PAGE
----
Exocrine pancreatic insufficiency in the dog

With EPI, the pancreas no longer produces digestive juices. As a result, your dog can no longer digest its food properly. Your dog eats a lot, but absorbs hardly any energy and will therefore lose weight. Fortunately, exocrine pancreatic insufficiency can be treated effectively, and with some adjustments, your dog can lead a normal life. Pharmacy4pets helps you find the right support for your dog with EPI.

What is exocrine pancreatic insufficiency?

Pancreas is the Latin name for the pancreas. This flat, narrow organ lies along the small intestine, just behind the stomach. The duct of the pancreas empties into the small intestine.
The pancreas consists of two parts:

  • The endocrine pancreas: hormones (insulin and glucagon) are produced here to regulate blood sugar levels. If there is insufficient insulin production, it results in diabetes.
  • The exocrine pancreas: this part produces digestive enzymes that are released into the small intestine to digest food.

With EPI, exocrine pancreatic insufficiency, something goes wrong in the exocrine part of the pancreas. The term "insufficiency" indicates that the amount of digestive juices produced is too low.

How does EPI develop?

Exocrine pancreatic insufficiency is usually the result of chronic inflammation caused by the body's own immune response. EPI can also develop as a result of chronic inflammation of the pancreas.

Which dogs get EPI?

EPI is more common in German Shepherds. Weimaraners and Westies are also more susceptible to the condition. EPI often occurs at the age of one or two years. Older dogs can also develop the condition, often as a result of chronic pancreatitis.

Symptoms of EPI

Because insufficient digestive juices are produced to digest food, a dog with EPI lacks nutrients to meet its energy needs. The main symptoms of exocrine pancreatic insufficiency are:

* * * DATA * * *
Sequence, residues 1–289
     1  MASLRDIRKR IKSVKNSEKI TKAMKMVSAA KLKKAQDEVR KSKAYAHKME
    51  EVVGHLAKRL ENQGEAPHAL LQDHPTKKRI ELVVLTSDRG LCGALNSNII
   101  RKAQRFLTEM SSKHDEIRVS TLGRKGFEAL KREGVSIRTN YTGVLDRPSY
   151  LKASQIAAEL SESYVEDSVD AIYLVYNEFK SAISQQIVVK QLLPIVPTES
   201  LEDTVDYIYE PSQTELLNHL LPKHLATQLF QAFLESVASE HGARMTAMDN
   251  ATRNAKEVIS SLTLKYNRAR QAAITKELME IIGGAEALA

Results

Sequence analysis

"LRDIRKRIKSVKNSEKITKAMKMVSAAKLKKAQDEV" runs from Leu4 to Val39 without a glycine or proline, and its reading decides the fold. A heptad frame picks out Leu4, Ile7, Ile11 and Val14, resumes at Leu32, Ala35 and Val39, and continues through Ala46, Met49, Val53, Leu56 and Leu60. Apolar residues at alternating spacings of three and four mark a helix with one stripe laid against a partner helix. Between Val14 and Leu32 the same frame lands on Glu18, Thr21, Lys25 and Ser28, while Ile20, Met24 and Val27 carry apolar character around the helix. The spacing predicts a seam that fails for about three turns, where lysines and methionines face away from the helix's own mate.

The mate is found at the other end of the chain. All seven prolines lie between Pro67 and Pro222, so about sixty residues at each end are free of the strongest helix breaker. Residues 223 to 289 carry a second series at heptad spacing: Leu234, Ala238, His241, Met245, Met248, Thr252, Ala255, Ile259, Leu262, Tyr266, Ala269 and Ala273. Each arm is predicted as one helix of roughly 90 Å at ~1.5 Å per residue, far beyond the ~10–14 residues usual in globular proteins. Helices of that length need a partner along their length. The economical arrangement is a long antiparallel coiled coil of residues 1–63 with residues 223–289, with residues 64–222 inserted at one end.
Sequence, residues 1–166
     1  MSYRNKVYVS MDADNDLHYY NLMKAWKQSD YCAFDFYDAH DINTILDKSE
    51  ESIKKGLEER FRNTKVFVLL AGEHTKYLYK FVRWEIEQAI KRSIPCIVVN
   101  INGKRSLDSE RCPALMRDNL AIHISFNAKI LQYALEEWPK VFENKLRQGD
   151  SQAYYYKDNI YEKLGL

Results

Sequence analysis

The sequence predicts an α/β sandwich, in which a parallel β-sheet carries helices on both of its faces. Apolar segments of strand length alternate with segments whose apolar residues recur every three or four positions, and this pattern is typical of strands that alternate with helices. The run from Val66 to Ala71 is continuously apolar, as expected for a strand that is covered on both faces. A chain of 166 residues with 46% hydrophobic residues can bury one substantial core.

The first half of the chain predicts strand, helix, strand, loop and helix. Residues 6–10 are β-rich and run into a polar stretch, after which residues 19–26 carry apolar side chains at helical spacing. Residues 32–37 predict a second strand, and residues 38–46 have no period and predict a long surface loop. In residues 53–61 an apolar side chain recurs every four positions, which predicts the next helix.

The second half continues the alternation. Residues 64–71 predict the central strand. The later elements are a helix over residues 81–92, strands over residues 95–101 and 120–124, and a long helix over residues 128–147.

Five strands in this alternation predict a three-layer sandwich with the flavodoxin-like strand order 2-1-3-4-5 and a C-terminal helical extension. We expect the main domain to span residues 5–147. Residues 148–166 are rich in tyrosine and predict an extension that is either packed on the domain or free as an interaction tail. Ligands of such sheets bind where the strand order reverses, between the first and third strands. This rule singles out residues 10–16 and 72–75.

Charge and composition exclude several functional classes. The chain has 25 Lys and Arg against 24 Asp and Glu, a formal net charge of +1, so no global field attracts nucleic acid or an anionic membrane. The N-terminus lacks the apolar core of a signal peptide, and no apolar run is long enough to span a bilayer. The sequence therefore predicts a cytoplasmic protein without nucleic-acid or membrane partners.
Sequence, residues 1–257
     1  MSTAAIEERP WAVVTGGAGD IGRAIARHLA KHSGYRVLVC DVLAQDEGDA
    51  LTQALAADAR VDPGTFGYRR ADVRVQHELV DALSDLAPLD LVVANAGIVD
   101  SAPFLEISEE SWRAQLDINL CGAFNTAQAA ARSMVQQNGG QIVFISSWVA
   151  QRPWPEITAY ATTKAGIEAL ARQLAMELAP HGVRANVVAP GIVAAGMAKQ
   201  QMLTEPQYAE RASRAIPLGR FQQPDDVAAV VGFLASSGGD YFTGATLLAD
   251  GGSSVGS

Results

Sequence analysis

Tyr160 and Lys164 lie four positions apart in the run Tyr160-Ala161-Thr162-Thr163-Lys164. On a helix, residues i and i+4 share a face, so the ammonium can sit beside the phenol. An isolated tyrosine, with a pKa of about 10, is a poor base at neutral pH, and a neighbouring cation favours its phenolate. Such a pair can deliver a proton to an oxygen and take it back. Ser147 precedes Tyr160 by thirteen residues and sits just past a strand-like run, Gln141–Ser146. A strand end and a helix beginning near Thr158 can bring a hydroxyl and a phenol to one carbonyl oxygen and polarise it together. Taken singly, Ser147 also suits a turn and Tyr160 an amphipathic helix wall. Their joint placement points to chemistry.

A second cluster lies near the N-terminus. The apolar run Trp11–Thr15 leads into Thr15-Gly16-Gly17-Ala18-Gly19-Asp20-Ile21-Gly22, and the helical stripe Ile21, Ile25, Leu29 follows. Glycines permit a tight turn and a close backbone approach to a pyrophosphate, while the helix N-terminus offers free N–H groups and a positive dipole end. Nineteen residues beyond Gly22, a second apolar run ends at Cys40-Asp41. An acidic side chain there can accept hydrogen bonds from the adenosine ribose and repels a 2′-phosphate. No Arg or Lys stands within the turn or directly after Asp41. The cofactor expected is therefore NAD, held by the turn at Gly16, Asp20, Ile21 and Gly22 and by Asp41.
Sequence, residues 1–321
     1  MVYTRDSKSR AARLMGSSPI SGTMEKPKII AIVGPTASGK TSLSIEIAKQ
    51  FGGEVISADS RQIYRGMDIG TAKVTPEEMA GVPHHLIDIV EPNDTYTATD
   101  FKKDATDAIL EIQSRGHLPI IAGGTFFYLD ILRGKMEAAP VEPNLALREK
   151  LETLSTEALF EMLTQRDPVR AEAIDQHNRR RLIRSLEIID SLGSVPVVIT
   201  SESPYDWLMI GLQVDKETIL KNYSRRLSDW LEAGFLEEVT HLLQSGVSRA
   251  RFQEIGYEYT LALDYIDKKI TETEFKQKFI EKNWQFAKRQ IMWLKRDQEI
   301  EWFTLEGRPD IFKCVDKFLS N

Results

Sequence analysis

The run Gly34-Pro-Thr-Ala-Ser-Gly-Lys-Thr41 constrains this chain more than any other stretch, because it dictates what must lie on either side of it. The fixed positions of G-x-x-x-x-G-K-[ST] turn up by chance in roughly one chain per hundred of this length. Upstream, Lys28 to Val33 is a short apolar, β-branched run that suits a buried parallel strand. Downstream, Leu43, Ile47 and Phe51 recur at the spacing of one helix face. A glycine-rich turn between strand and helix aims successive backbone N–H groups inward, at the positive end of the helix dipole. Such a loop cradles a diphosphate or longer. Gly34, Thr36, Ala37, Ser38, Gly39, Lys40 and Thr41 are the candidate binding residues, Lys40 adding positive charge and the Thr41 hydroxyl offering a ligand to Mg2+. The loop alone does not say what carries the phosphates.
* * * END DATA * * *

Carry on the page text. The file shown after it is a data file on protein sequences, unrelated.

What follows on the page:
• Severe weight loss.
  • Enormous appetite.
  • Large amounts of stool.
  • Gray-colored diarrhea (the color of putty).
  • Eating 'foreign' objects (pica): Due to the intense hunger, dogs with EPI search for food and may eat things that are not intended for consumption. This includes human food, garbage, feces, but sometimes also sand, stones, or toys.

Diagnosing EPI in dogs

The symptoms of EPI are quite characteristic but can also be caused by other gastrointestinal diseases. Therefore, the diagnosis must be confirmed with blood tests. The test is called TLI (trypsin-like immunoassay). If the measured value is too low, it indicates EPI. The dog must fast for this test; otherwise, the value may appear normal, leading to a missed diagnosis.

Treating EPI in dogs

EPI is treated with pancreatic enzymes in powder form: Zymoral pancreatic powder.
It's essential to add this powder to every meal and snack.
The powder should be thoroughly mixed with the food, preferably a while before feeding, to allow it to act. Dry kibble should be lightly moistened before mixing it with the powder to ensure good adhesion.

It's also important to provide easily digestible, non-greasy food, such as Sanimed Intestinal. Divide the food into at least two portions per day. Although dogs with EPI need lifelong dietary adjustments, they can otherwise lead a normal, healthy life. However, caution is needed: if they pick up something from the ground that logically isn't mixed with pancreatic powder, they won't be able to digest it and will develop diarrhea.

If you have any questions about our products or about exocrine pancreatic insufficiency in dogs, please contact us.

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